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Choosing the right export strategy for your business

Article co-written & researched by Maleah Grue

Before you’re fully ready to enter a new market you need to develop a market entry strategy. One of the biggest considerations in this strategy is how you actually intend to enter the market, which can be somewhat confusing. To help you devise a clear plan, here is an overview of the ways a Canadian business can enter new markets.

The traditional means of market entry fall into these four main categories:

Direct Exports

Direct exports mean you are selling to your client directly. The advantages of direct exportation include a greater return on investment than if you sold through a distributor. This method allows you to set lower prices and develop closer connections with your customers. A major disadvantage of direct exports is a lack of services or expertise in the market that a foreign intermediary would have, which can result in slower market growth as you have to learn the customs, language and establish contacts on your own.

Indirect Exports

This means you are selling your products to intermediaries such as foreign agents, distributors or representatives. This method is often used by Canadian businesses who are first-time exporters since it is a good way to become familiar with a new market. By having an intermediary set up the connections, companies can save a lot of time and money. The advantages and disadvantages for each type of foreign intermediary are as followed:

  1. Agents and representatives. Agents secure orders from foreign customers in exchange for a commission while a representative specializes in sales within a specific geographic area. Both of these intermediaries can be authorized to enter into contractual sales agreements with foreign customers on a company’s behalf (you will need to watch out for potential tax consequences as allowing someone to enter into contractual relationships on behalf of the business may result in local tax liability). Using these types of intermediaries often reduces operating costs compared to setting up a permanent location and still allows you to set the prices of your products.
  2. Trading houses. A full service trading house can handle exporting, market research, transportation, appoint distributors or agents, exhibitions at trade fairs and preparation of advertising and promotional material. They can take the form of a principal or export merchant who buys products from you, or acts as agent by requesting a commission on sales.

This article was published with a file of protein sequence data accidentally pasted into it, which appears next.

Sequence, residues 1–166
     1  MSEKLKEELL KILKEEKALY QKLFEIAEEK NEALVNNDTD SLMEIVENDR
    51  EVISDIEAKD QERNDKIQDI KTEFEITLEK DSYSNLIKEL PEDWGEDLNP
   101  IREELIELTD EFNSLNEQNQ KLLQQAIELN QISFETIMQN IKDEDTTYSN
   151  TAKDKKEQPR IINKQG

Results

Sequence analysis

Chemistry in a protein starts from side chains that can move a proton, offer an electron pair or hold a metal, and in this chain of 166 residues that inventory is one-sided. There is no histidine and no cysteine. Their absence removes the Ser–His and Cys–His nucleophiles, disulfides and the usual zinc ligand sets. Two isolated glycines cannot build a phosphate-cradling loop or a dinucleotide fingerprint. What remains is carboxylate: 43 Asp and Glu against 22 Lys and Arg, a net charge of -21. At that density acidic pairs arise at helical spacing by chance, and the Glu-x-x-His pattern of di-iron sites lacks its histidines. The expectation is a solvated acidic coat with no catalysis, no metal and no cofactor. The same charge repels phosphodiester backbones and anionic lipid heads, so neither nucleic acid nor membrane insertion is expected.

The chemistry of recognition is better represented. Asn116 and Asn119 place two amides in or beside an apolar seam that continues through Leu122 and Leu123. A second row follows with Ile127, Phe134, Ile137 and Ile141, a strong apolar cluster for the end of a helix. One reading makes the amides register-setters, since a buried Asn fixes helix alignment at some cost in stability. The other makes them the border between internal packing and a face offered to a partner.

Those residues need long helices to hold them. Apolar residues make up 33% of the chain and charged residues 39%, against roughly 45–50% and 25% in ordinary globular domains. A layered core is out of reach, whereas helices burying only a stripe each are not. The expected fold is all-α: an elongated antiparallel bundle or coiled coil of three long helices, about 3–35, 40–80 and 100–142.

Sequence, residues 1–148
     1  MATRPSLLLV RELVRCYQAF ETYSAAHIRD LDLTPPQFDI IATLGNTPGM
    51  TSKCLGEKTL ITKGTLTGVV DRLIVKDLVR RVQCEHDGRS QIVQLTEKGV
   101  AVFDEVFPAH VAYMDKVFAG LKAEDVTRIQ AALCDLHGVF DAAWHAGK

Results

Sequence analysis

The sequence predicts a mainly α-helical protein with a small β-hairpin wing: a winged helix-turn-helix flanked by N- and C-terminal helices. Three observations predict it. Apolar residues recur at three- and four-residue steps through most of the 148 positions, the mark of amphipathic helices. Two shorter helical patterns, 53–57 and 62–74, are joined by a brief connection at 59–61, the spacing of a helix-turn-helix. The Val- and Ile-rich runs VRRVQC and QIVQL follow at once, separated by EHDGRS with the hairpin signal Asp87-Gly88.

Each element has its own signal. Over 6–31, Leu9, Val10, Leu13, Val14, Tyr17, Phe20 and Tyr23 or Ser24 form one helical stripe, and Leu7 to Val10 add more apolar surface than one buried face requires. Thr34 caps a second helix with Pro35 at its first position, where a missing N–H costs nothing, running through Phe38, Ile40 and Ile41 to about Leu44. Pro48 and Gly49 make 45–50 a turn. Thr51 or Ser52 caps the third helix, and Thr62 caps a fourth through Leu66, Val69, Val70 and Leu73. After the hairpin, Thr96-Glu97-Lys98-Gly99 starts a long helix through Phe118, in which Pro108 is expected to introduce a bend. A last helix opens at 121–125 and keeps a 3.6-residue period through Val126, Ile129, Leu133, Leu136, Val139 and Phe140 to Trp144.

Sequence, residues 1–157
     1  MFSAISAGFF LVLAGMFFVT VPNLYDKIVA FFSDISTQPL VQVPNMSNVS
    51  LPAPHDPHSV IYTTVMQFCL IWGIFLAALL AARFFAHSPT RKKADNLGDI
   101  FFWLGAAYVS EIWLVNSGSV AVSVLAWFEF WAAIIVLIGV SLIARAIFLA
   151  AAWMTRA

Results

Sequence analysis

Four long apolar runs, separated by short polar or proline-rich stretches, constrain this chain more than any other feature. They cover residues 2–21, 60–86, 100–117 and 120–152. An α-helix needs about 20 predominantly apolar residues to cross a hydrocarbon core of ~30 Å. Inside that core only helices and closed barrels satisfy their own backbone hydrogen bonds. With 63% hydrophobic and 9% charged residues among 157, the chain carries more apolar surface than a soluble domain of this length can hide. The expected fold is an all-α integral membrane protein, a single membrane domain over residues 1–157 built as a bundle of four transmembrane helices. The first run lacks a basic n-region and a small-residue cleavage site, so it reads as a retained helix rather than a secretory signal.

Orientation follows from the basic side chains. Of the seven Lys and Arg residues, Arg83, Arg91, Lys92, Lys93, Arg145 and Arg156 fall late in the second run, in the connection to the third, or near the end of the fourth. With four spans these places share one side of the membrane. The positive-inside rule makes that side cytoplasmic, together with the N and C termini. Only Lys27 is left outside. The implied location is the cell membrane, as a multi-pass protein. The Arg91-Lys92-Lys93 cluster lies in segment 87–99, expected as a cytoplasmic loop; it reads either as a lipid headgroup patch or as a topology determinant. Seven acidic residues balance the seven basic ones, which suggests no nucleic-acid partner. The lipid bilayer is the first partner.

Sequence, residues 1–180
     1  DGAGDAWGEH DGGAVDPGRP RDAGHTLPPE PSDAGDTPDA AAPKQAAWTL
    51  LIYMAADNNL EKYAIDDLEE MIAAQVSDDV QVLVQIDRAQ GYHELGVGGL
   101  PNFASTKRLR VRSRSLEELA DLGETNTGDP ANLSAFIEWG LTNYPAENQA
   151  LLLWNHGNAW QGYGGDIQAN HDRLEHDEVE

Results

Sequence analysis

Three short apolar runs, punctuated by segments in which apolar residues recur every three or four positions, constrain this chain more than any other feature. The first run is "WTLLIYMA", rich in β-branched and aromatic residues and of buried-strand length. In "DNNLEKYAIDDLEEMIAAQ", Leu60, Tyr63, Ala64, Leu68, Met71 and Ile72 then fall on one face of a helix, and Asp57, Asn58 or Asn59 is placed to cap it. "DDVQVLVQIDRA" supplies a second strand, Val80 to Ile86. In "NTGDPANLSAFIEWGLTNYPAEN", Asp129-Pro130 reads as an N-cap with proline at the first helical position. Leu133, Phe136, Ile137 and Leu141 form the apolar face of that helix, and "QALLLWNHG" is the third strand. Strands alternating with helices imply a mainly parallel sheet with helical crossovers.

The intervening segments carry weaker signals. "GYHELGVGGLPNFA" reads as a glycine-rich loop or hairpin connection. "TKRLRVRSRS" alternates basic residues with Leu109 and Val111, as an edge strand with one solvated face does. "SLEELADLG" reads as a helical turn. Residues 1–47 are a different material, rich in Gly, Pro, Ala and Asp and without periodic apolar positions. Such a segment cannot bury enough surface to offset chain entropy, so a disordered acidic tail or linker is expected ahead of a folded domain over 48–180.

1. Foreign distributors. Distributors purchase your products and resell them to local customers. Often they set the selling price, provide the buyer financing and look after warranty and service needs. A bonus of using a distributor is that they can provide after-sales services in the foreign market, however, it may reduce your profit margins and will likely require you to give up some control over your products or prices.
Partnerships

Partnering with a local company is another strategy Canadian businesses can use to enter into a new market. It is important to find a partner that either complements or enhances your capabilities along with providing local expertise, insight and contacts. There are a number of ways to establish partnerships and they can take a number of different forms. The following are the primary ways businesses create partnerships:

  1. This form grants the foreign company the rights to use your proprietary technology or intellectual property. 
  2. Allows the franchisee the right to use the Canadian companies manufacturing or service delivery processes and provides to them established business systems or trademarks whose use is controlled by a licensing agreement (think of McDonald’s).
  3. Joint ventures. Each business contributes capital and resources to a newly created corporation that they can operate together.
Acquisitions

An alternative to partnering with a local business is to acquire one.  By acquiring a local company, you immediately gain access to the local market as well as all proprietary information such as IP in addition to resource availability, access to capital, and specialist expertise.

As you venture closer to your expansion it is imperative to determine your market entry strategy. Choosing between intermediaries, partnerships, direct and indirect methods of exporting requires a lot of thought and consideration but when done right, can save you enormous amounts of time and money. For assistance deciding which market entry strategy is the best fit for you, contact the Du Plooy Law team today.

 

Email: [email protected]

Phone: (403)718-9877

Written by:

Claudius is an experienced commercial lawyer who specializes in acquisitions, financing, and securities law in relation to corporate commercial law.

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